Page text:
In this case, the government’s main interest is political, i.e., to avoid providing further legitimacy to the armed opposition through the access and distribution of food by FWB in the territory under its control. Additionally, the government wants to collect data on the population being served and obtain lists of beneficiaries.

The leadership of the armed opposition is also eager to gain politically from the distribution of FWB food as this assistance will contribute to ensuring a greater cohesion of its political and security alliances with tribal leaders in the various communities. The opposition leadership wants to control where the distribution takes place and is opposed to the transmission of population data to the government as it suspects that these will be used for intelligence purposes.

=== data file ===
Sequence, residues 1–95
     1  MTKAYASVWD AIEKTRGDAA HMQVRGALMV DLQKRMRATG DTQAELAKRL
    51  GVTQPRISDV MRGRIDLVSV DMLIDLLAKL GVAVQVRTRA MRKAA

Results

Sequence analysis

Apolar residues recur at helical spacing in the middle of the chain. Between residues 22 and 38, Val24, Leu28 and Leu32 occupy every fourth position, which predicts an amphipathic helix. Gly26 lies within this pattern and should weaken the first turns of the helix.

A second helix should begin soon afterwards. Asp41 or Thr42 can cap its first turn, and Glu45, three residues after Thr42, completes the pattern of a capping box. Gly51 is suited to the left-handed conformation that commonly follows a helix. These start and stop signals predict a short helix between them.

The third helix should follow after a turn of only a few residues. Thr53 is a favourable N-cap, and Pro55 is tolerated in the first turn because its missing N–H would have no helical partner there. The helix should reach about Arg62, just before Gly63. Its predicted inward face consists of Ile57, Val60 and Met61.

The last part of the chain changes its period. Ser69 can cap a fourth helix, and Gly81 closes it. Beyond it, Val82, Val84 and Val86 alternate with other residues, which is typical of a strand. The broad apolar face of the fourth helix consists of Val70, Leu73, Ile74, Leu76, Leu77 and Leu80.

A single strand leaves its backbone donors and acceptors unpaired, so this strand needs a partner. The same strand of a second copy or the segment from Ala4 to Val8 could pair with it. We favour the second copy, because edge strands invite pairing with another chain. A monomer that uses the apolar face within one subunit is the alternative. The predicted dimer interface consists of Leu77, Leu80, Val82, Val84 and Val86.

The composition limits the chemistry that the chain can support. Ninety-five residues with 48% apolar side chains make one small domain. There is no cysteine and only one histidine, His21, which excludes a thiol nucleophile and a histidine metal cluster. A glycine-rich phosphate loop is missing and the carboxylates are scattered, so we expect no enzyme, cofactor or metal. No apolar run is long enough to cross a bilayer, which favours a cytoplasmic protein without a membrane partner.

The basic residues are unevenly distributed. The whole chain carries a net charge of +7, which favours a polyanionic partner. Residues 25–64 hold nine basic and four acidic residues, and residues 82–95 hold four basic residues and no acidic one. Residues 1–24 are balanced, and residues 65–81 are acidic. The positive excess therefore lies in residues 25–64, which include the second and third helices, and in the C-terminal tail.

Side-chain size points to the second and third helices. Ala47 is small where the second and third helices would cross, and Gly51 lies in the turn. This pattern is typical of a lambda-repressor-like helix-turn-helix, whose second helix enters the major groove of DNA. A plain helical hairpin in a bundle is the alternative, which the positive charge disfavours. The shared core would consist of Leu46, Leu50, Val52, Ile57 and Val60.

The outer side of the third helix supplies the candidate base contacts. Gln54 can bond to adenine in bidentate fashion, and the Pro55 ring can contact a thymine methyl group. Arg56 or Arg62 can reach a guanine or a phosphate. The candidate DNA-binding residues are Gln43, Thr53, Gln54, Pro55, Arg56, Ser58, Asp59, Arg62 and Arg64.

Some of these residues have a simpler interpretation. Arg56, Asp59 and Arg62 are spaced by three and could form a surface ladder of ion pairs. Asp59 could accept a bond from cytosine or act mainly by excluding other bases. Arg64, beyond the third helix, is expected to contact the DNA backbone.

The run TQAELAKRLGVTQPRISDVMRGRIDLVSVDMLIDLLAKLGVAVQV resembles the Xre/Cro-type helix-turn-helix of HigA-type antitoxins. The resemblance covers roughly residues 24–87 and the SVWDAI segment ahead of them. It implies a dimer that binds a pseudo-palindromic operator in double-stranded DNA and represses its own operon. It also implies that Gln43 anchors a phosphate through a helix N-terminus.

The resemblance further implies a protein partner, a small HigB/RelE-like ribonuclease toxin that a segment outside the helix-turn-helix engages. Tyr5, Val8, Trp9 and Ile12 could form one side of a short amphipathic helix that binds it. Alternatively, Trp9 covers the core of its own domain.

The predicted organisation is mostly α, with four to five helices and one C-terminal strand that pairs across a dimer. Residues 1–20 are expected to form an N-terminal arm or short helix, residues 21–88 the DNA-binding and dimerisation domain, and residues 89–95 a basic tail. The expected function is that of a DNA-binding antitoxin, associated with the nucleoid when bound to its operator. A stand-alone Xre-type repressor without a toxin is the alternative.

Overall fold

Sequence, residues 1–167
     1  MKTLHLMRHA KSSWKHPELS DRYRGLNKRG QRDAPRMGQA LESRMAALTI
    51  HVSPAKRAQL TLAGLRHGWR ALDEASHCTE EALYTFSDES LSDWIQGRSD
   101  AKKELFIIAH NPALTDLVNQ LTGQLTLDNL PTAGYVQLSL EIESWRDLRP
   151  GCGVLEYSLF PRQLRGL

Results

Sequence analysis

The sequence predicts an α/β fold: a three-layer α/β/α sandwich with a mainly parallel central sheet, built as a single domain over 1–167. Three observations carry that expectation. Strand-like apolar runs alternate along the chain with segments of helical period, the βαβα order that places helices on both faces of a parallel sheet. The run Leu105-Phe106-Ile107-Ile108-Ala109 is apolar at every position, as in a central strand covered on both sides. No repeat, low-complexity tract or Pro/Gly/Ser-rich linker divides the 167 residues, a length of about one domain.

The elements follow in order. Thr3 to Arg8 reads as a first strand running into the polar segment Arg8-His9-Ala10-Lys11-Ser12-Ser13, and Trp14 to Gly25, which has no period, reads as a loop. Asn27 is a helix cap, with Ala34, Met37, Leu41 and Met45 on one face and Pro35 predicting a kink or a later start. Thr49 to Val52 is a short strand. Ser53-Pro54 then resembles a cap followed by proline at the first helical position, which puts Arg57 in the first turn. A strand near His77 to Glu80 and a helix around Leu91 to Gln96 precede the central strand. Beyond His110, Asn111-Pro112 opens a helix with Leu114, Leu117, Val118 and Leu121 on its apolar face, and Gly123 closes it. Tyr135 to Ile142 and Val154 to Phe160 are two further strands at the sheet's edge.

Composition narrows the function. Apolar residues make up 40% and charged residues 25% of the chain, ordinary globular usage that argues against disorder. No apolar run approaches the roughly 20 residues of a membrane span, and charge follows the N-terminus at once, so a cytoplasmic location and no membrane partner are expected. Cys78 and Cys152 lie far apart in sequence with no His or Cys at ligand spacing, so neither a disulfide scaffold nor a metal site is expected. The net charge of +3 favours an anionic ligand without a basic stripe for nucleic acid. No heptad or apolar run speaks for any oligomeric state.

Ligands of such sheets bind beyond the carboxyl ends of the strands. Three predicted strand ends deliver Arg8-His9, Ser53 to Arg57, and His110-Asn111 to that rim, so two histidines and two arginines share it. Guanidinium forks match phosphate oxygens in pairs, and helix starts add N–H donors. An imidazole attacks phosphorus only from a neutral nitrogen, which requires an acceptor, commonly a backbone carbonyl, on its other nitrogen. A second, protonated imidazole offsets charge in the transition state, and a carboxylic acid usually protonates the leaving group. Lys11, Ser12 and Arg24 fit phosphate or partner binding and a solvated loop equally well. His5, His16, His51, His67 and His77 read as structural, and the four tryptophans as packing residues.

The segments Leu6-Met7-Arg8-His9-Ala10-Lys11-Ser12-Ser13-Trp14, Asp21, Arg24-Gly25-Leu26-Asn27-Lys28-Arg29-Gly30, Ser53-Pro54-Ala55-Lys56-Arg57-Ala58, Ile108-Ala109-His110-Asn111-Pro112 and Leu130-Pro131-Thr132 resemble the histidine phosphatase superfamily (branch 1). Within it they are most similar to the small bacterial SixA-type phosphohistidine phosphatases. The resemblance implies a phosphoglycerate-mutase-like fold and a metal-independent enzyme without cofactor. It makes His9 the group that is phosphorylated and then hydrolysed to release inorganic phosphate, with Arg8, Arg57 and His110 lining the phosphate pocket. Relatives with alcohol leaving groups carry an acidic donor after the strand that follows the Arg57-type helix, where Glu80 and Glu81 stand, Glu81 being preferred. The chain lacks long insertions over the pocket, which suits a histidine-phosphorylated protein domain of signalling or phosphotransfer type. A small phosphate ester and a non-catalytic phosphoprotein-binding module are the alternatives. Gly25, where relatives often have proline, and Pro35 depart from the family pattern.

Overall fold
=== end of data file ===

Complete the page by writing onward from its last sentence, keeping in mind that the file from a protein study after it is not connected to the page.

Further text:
For its part, FWB is eager to maintain its access and proximity to the population. FWB wishes to maintain control over the distribution of food to the population most in need. Since there have been concerns about diversion, it wants to monitor the distribution site. It is aware that the lists are becoming a political issue for both the government and armed group.

As the point of the example was only to point out that there can be multiple counterparts in a negotiation, there is no further explanation on how to proceed beside a short "you will need all the tools that you know"...

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  • I am accepting on the basis that smarter people, engaged in that type of work, have apparently thought about it quite a bit and do not pursue that line of thinking. Still, a world which generally expected more transparent humanitarian wheeling and dealing might pressure warring parties to accept this negotiating format or else risk being exposed for bad faith. That's not necessarily our current state of affairs tho, hence my acceptance. Nov 15, 2023 at 18:31